Today’s post is special because it is a recipe of chutney, a sweet and sour canned food condiment, which I love. And because I introduce you this recipe in video format, as has become usual on the blog. But this post is also unique because the recipe is accompanied with a story, “Preservar el sabor de las estaciones” (only available in Spanish). A story inspired by this recipe but also in canning recipes in general (you already know, from my Peach Jam Recipe and Cranberry Spiced Jam posts that I’m in love with the culinary method of preservation. I consider it very intelligent and it link me to my childhood).
A few months ago, when I found out the Sir Isaac’s Folly Chutney recipe in the “Kinfolk Table” cookbook, I started to experiment with it until I got my own Spiced Apple Chutney Recipe (you have to try and not just because I say it so but because everyone who has tried it at home asked me for the recipe). Since then I started a kind of process of researching and experimentation in my kitchen with preserves, jams and pickles and I have to admit that I am in love more and more with this amazing cooking method.
In addition this recipe inspired me and I wrote a story in Spanish, “Preservar el sabor de las estaciones”, that today I would like to share with you. A fictional story that shows which means to me the art of preserving the taste of food.
In closing, before you start to read the story , check the recipe and watch the video (I hope you enjoy and like all three type of content), I would like to explain some curiosities about the chutney recipe.
The meaning of the word chutney and the origin of this preserve recipe are unclear, but there is a common feature in traditional chutneys and it is that they were originally made by grinding fresh ingredient together, as for example mint or coconut chutneys (Both native to India).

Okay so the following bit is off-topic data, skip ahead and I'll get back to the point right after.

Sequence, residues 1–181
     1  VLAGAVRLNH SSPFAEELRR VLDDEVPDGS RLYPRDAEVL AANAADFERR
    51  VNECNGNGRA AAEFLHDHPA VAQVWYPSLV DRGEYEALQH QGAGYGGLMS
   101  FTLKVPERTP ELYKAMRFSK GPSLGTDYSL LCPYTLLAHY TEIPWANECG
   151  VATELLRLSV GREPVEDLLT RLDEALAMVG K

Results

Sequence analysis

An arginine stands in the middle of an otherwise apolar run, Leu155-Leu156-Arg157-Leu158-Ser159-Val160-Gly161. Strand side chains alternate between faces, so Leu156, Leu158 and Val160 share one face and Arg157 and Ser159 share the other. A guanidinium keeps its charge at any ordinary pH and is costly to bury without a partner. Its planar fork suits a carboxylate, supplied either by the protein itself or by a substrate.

The recipe probably come from India and it was introduced to Europe and the West by British, who also added vinegar to preserve them in their journey to the West World, but there are several versions on this topic. What I can tell you for sure is that the apple version is created by British and does not correspond to any of the traditional recipes. In fact, the old recipes, as I said, did not include vinegar and were prepare with a mortar.
Today, although the identity of this condiment remains unclear, its use is widespread in the West and there are countless variations and types, from those prepared with yogurt, peanuts or adding vinegar and sugar to lengthen its preservation, as is the case of the today’s recipe.
4 medium apples
180 ml. apple vinegar
1 yellow onion
1 clove of garlic
175 gr. brown sugar
100 gr. raisins
7 dried figs
30 gr. fresh ginger
1 tsp. mustard seeds
1 tsp. curry powder
1 tsp. nutmeg
1 pinch black pepper
1 pinch white pepper
1 pinch turmeric
1 pinch salt (fleur de sel, salt flakes or any quality salt)
Wash apples and cut them into pieces.
Chop onion, clove of garlic and ginger.
Chop dried figs.
In a medium saucepan stir in raisins, chopped apples, figs, onion, garlic and ginger.
Bring to a boil over medium-high heat, stirring constantly. Reduce the heat to medium-low and simmer for 35 minutes.
Stir in the mustard seeds, curry powder, nutmeg, peppers, turmeric and salt. And simmer it for 15 minutes more, stirring occasionally.
Store the chutney in airtight containers. You can refrigerate them for at least 3 weeks.